1864 January 21: The Second Battle of Fort Fisher and Other News
The following short summary of the week’s news comes from The Prescott Journal of January 21, 1865. There is not an extant copy of the January 21, 1865, issue of The Polk County Press.
The first item refers to the Second Battle of Fort Fisher, which took place January 13-15, 1865, outside Wilmington, North Carolina. Sometimes referred to as the “Gibraltar of the South,” Fort Fisher was the last major Atlantic coastal stronghold of the Confederacy. It had tremendous strategic value during the War, providing a port for blockade runners supplying General Robert E. Lee’s Army of Northern Virginia.
The First Battle of Fort Fisher had taken place December 23-27, 1864, when Benjamin F. Butler led the Union attempt to capture the fort. The fiasco at Fort Fisher and Butler’s disobedience of his direct orders gave General Ulysses S. Grant the excuse to relieve Butler of command of the Army of the James.
— VICTORY again lights up the land, and the Old Flag floats over another rebel stronghold. Ft. Fisher, commanding the approach to Wilmington, was captured on the 15th inst., by Admiral PORTER and Gen. TERRY, with 72 guns and 2,500 prisoners. [David D. Porter, Alfred H. Terry]
This news was as unexpected as it was joyous. Scarcely was the chagrin of the recent failure over, when, without any intimation that another attack was planned, the news of the glorious victory came. This success seals up the last rebel port, and puts an end to blockade running and shipping cotton by the Confederates.
— EDWARD EVERETT is dead ! The eloquent voice is stilled ! He died of apoplexy, at his home in Boston, on Sunday, the 15th inst. He leaves behind a noble record of great abilities, usefully employed through a long, honored and spotless life. [Edward Everett]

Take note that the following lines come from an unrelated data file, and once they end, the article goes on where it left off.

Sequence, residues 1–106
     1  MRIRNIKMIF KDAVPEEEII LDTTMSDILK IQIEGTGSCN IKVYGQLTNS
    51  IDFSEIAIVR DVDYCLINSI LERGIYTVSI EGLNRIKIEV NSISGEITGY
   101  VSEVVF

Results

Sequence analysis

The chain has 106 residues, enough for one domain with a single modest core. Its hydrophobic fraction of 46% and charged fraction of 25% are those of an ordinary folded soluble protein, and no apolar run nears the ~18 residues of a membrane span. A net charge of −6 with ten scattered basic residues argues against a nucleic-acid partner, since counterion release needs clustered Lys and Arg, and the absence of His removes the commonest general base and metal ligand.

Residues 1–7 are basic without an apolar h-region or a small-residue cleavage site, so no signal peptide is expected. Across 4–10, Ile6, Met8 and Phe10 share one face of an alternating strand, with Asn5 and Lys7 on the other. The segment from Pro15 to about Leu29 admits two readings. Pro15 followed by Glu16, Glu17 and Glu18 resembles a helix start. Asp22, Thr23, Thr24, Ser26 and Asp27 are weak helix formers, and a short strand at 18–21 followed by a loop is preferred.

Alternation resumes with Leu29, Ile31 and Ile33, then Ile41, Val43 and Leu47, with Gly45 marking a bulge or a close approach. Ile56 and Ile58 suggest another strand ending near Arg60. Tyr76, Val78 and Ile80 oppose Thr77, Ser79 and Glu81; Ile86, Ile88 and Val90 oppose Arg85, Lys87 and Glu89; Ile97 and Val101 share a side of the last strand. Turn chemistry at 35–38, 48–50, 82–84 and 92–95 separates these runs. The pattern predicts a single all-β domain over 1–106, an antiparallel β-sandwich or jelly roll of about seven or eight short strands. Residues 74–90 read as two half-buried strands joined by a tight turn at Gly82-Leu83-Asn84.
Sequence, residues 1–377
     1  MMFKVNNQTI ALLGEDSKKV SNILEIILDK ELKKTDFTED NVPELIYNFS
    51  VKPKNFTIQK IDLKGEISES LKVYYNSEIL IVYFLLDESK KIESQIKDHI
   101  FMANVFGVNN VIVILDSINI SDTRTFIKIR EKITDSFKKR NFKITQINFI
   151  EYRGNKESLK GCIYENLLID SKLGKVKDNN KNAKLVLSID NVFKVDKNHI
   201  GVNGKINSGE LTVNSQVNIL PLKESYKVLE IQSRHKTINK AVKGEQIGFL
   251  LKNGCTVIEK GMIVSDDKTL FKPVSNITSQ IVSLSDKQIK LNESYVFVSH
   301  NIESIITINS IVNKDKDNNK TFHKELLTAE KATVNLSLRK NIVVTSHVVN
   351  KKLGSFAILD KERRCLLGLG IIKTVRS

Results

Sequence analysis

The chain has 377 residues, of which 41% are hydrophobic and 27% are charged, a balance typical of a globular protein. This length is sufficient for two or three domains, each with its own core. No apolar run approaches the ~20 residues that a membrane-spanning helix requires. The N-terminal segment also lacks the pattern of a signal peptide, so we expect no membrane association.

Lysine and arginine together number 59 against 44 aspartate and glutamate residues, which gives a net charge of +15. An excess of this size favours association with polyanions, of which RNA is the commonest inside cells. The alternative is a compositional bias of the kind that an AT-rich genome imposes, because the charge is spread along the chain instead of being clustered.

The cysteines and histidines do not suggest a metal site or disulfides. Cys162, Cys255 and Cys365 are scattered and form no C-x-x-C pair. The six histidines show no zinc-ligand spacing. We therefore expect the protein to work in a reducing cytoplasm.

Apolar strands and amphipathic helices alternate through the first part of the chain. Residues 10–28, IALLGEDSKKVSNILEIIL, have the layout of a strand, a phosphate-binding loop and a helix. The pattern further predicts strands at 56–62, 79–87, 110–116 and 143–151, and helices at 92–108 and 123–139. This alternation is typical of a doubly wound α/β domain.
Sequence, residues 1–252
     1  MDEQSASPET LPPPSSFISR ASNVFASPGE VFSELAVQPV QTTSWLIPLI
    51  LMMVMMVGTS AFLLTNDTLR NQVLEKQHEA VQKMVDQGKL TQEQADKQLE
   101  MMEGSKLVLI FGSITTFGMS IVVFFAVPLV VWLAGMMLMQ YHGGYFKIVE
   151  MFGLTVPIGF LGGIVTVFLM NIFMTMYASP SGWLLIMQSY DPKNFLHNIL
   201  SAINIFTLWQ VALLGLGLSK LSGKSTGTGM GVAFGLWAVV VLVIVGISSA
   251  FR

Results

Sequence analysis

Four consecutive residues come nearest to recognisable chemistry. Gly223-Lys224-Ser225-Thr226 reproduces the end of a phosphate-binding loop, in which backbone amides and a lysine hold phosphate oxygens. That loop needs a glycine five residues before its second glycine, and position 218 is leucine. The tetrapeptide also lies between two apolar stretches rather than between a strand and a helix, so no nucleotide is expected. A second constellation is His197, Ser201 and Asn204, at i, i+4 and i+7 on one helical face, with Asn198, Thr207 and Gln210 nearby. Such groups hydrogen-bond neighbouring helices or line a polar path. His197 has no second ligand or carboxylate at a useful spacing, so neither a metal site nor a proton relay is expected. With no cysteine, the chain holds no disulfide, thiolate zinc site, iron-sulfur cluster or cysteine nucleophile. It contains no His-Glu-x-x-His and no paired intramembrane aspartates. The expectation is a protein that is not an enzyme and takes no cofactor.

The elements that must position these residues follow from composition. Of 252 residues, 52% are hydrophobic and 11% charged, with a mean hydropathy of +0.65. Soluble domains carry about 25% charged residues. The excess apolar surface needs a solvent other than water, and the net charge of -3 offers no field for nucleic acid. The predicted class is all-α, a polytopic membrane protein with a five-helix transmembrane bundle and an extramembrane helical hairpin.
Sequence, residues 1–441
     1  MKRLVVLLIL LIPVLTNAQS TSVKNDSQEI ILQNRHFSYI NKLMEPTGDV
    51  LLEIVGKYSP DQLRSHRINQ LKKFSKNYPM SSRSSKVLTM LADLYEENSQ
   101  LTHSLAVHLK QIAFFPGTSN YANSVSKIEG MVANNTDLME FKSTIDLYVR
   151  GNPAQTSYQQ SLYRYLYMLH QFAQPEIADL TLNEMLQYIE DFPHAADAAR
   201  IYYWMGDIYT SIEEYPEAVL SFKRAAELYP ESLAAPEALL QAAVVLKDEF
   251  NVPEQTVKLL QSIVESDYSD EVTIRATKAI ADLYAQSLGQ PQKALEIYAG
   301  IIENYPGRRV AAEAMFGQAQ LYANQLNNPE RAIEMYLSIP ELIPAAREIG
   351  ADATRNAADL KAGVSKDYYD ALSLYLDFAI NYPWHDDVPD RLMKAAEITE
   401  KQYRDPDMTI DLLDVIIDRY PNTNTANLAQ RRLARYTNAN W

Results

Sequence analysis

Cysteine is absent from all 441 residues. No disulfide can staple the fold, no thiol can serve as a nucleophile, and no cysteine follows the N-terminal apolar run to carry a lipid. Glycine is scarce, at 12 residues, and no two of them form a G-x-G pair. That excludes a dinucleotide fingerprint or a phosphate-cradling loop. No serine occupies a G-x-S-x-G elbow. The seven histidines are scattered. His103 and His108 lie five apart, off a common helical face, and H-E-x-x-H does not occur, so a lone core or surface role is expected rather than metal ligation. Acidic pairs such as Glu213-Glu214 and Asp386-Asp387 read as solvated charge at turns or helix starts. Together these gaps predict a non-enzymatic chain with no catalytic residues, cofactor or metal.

— Senator FOOTE of the Rebel Congress, was recently arrested while trying to reach our lines. [Henry S. Foote]
The Governor’s Message.
We print herewith Gov. LEWIS’ Annual Message. It is one of the best executive papers ever issued in this State. It gives a full and satisfactory exhibit of the affairs of the State, makes a few wise recommendations, takes pride in the pat-
our soldiers, and is presented in a style so plain and clear that it will be generally read, and favorably received. [James T. Lewis]
It is now authoratatively [sic] announced that towns which have an excess of volunteers will have credit for them on this call. See article on inside of this paper. We have a credit of eleven, and it will be easy by united effort to fill our quota. The city pays a bounty of $200 in orders, and now let every one liable to the draft pay his proportion of the expense of cashing the orders and enlisting the men, and the burden will not be heavy on any one.
1. “Capture of Fort Fisher.” This digital image is from an original 1890 Kurz & Allison print, available at the Library of Congress, Prints and Photographs Division. The UWRF University Archives & Area Research Center has in its Special Collections a copy of Battles of the Civil War: The Complete Kurz & Allison Prints, 1861-1865, Birmingham, Ala.: Oxmoor House, 1976 (Oversized E 468.7 .B3 1976), which includes a copy of this print.